Remember the scene in the Beverly Hillbillies when Jed is “shootin’ at some food” and suddenly “up from the ground comes bubblin’ crude”? Well, that’s similar to what happened recently when ATO did a brief story on S-Cube Entertainment’s girl group Umamiya. We, figuratively, poked at the ground a bit and up came a geyser of talent – in the form of Cold Tofu, an L.A.-based Asian American comedy improv and sketch group.
Ya see, for those who haven’t yet caught on, the whole S-Cube/Umamiya “phenomenon” is the … er … work of Cold Tofu. Cold Tofu deserves a huge article – something beyond the scope of this humble website – but you can and should check out their website at www.coldtofu.com.
Much to our amazement, our little Umamiya feature brought a flurry of positive comments and emails from the Tofu gang themselves — and we appreciate that more than they know. One of the responders was Tofu core member Corinne Chooey (aka Cathedral Leung of Umamiya). Her photo looked pretty interesting, so we began poking around at her — um, FIGURATIVELY of course — and again the geyser raged forth. Hmm.
OK — right here and now we’re going to abandon the Beverly Hillbillies parallel ‘cuz it’s getting a little iffy.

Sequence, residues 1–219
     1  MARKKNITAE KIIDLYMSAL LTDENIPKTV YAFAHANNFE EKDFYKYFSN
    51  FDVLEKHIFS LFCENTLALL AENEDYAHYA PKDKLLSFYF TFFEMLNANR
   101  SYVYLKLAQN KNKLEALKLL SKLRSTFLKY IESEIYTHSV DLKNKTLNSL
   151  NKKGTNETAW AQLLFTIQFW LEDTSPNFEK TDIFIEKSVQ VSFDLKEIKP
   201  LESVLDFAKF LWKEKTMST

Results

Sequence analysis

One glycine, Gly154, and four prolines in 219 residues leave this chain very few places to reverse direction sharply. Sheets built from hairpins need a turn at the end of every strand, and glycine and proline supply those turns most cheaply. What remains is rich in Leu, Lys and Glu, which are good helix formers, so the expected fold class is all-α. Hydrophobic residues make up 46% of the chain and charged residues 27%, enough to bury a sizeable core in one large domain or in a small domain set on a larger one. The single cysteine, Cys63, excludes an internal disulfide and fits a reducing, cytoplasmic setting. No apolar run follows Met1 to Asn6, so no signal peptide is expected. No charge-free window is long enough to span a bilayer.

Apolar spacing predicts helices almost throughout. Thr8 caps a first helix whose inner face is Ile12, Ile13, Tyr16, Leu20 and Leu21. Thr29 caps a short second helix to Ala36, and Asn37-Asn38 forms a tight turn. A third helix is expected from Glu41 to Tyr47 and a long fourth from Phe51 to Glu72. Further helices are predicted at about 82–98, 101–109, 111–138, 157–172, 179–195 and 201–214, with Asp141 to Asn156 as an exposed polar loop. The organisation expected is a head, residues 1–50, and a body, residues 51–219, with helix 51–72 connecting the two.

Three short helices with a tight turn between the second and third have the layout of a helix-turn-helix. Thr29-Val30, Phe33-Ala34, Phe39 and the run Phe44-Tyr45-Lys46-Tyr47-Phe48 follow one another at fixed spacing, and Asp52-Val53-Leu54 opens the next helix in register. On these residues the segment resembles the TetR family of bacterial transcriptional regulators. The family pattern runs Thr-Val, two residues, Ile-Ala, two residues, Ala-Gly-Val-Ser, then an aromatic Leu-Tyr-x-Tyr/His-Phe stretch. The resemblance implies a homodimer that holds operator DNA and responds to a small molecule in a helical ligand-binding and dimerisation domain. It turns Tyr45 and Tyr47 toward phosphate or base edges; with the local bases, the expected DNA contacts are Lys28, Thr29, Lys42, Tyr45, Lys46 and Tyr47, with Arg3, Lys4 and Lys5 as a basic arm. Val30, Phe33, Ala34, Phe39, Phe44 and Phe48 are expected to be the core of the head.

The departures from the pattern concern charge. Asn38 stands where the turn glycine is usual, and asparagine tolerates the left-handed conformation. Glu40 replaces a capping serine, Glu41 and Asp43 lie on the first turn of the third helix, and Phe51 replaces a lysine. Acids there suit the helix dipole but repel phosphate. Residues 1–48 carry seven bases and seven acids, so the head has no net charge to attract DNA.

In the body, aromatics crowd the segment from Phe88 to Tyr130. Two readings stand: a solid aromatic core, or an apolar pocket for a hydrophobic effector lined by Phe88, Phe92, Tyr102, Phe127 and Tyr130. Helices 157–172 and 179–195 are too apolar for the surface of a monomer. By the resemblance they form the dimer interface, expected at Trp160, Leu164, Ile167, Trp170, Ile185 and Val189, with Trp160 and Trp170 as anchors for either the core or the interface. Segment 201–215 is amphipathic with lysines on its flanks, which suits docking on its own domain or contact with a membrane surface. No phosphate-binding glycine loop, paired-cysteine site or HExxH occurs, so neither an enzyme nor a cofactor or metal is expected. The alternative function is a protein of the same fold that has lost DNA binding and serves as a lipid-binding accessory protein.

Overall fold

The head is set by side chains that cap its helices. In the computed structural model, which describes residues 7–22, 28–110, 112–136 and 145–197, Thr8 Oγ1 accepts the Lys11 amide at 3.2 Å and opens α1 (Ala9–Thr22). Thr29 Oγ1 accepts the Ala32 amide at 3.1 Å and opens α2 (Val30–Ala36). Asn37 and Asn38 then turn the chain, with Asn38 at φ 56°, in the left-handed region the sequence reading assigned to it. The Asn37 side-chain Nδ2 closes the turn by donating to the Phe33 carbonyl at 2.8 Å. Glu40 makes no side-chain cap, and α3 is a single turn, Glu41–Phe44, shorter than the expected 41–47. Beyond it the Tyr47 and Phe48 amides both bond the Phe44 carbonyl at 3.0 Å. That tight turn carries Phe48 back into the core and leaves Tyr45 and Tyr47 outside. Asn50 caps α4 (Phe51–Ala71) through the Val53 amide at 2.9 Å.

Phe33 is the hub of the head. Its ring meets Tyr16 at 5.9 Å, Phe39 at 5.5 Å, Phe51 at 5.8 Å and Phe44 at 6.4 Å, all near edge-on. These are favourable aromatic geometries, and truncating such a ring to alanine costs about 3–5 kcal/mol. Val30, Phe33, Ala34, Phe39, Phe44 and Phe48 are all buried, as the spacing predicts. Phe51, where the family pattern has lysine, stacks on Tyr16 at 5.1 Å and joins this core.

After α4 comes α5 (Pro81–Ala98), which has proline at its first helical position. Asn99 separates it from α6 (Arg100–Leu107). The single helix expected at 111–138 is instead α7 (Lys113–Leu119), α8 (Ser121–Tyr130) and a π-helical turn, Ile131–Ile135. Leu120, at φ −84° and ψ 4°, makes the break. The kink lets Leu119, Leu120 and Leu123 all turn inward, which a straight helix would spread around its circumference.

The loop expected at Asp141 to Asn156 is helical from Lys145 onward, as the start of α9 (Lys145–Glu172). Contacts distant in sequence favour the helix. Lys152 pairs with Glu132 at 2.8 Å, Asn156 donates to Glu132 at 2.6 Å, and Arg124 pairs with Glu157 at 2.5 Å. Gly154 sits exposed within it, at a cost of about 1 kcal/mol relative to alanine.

Nevertheless – closer examination of Ms. Chooey/Leung’s background revealed a wealth of captivating data: raised in Frisco’s Chinatown, Chooey has been performing since an early age. Church plays and community theatre led to gigs with everything from Lodestone to Sara Lee — and she’s appeared in fare like Reno 911 and flicks with stars like Tom Cruise and Jamie Foxx. She’s SAG, AFTRA and AEA — and that’s just scratching the surface. For the whole story, check out her webpage: www.corinnechooey.com.
To get to the point of all this — Chooey is also a writer and a while back she wrote (and produced) a real jewel of a short film, “Chinatown Rhapsody” — which we present below for your viewing pleasure.
Of this film, Chooey says “This is my homage to the San Francisco community that will forever be near and dear to my heart. Growing up, I often heard stories from my grandparents about a swanky Chinatown Nightclub they used to visit in the 1940’s. Rumor has it, I actually had an aunt who danced in the chorus. ”